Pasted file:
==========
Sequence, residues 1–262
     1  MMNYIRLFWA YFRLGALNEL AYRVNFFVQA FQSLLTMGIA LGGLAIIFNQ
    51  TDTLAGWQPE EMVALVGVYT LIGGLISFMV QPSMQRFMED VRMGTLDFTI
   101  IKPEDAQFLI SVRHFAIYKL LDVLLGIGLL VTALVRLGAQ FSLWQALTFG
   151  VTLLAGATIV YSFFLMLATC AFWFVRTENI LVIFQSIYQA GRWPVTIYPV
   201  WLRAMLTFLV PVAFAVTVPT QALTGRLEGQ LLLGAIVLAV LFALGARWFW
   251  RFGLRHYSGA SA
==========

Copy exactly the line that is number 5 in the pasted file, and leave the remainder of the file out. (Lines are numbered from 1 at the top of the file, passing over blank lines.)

   151  VTLLAGATIV YSFFLMLATC AFWFVRTENI LVIFQSIYQA GRWPVTIYPV